Cyrus the Persian was a very different king from Nebuchadnezzar the Babylonian.  Nebuchadnezzar generally practiced a scorched earth policy in his military expansion.  He would conquer a country, destroy it completely, seize its gods, and take its people into captivity.  But Cyrus had a radically different philosophy (which probably accounts for the fact that the Persian Empire lasted a lot longer than the Babylonian).  We know from extra-biblical sources that Cyrus followed the much more enlightened practice of encouraging conquered people to retain their land, keep their gods, practice their religion, and maintain their culture.  So long as they paid appropriate taxes and didn’t rebel, they were allowed a considerable amount of self-government.  In fact, what Cyrus did for the Jews here in Ezra 1, he also did for many other captive peoples whom he inherited from the Babylonians. 

The point is that Cyrus is probably not bearing witness to any genuine faith in the God of Israel here in verse 2; rather he is simply using diplomatic language to reflect what the Jews believed about their God.  He is, first of all, currying favor with them in the hope that by treating them with dignity he will earn their respect, which in turn will permit him to have peace in that crucial part of his empire without stationing a great many troops in the region.  He is, secondly, currying favor with the gods.  Cyrus himself wrote on a monument called the Cyrus Cylinder, “May all the gods whom I have resettled in their sacred cities daily ask Bel and Nebo (his own gods) for a long life for me.” [ii]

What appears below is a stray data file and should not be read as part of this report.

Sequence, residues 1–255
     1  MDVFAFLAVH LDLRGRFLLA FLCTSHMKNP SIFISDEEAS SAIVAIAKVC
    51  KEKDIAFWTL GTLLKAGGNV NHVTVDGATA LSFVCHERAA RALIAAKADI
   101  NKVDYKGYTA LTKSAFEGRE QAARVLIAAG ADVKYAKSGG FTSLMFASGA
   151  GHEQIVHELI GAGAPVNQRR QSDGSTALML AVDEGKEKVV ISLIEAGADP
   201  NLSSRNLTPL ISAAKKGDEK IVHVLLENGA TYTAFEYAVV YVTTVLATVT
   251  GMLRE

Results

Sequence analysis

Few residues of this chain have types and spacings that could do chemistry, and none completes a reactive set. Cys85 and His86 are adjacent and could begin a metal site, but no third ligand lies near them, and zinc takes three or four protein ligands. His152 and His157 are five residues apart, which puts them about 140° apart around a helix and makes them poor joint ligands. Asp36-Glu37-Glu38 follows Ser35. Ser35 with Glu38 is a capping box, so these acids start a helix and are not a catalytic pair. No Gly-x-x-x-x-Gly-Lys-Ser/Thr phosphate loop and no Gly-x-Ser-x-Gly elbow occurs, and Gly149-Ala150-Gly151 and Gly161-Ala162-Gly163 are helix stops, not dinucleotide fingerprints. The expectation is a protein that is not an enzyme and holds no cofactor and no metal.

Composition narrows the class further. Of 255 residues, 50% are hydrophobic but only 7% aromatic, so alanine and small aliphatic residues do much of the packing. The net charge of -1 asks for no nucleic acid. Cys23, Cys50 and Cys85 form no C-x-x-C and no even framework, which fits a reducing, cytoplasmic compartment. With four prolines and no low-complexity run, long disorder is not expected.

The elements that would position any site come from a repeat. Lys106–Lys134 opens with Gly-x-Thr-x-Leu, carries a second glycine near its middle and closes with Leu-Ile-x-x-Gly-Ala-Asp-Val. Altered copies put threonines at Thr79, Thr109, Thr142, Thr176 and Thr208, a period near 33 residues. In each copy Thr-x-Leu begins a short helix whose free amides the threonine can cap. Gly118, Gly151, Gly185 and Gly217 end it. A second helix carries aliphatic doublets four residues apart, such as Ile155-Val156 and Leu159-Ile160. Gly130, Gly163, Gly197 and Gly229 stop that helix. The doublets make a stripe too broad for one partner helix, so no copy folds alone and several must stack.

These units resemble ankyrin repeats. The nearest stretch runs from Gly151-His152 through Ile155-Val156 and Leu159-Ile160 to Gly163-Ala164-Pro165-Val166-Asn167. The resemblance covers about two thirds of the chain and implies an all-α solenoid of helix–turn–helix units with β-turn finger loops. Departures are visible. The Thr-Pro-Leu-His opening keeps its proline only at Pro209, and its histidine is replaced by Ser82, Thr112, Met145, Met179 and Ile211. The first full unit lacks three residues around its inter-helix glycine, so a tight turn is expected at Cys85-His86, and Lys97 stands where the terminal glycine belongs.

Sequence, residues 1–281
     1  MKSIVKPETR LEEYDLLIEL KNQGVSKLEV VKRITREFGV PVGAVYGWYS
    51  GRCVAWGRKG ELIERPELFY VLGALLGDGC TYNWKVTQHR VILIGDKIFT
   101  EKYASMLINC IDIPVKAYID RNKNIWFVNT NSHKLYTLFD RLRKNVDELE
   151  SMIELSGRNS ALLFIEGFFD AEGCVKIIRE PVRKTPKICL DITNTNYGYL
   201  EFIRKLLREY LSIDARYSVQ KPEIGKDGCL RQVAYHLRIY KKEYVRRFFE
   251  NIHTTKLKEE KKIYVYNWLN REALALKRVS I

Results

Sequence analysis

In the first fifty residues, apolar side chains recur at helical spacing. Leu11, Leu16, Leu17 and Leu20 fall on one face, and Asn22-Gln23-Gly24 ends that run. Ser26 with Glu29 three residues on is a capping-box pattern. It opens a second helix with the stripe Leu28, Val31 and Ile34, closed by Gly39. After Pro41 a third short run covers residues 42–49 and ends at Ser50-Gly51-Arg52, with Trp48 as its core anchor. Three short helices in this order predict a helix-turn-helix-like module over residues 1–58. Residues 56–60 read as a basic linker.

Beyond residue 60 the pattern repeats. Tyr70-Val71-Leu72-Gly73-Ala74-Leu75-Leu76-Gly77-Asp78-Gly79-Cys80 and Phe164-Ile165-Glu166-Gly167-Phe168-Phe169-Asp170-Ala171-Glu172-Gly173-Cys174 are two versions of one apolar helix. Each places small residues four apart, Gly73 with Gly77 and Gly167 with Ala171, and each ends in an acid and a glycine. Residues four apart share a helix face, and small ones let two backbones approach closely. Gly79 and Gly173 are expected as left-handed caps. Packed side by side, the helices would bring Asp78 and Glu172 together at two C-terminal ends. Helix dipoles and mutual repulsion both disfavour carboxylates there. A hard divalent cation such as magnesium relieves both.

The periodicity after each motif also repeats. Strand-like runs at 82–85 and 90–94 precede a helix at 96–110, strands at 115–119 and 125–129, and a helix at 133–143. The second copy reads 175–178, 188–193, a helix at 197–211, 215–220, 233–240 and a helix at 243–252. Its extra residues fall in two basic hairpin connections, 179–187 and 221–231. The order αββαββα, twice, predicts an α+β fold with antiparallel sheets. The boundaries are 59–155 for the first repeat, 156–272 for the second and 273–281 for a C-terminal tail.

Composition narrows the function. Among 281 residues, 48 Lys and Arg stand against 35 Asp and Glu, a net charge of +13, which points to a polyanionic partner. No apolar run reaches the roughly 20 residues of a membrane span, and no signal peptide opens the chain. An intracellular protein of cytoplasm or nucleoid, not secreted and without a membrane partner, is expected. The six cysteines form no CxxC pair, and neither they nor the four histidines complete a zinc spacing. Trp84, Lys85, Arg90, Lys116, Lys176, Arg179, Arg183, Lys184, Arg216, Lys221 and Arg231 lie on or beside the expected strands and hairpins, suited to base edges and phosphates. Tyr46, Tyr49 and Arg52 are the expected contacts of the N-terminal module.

There is, thirdly, also an international political issue involved.  Egypt was always a rebellious province.  Since Palestine lay right between Egypt and Persia, a strong and loyal province in Palestine would be a great asset in protecting Persia from any attacks from Egypt. 

Now what am I saying through all this?  Am I minimizing the fact that God’s providence is at work?  Not at all.  But while sometimes God’s providence brings about His will in a miraculous way (as for example, through the handwriting on the wall the night Babylon fell), more often He brings about His will through the ordinary course of events, through secondary means rather than primary.  

A modern example may be helpful.  A great revival is sweeping eastern Europe and other parts of the Soviet Union today as a result of the fall of Communism.  Did God bring that about?  Certainly.  Did He do it through first-class miracles, as when He brought the plagues on Egypt?  No, at least I haven’t heard of any; rather He has used the ordinary circumstances and events of history.  He sets up rulers and takes them down, He moves and shakes the kingdoms of men, and the result is that His sovereign will is accomplished. 

We sang a hymn earlier today which speaks of this truth: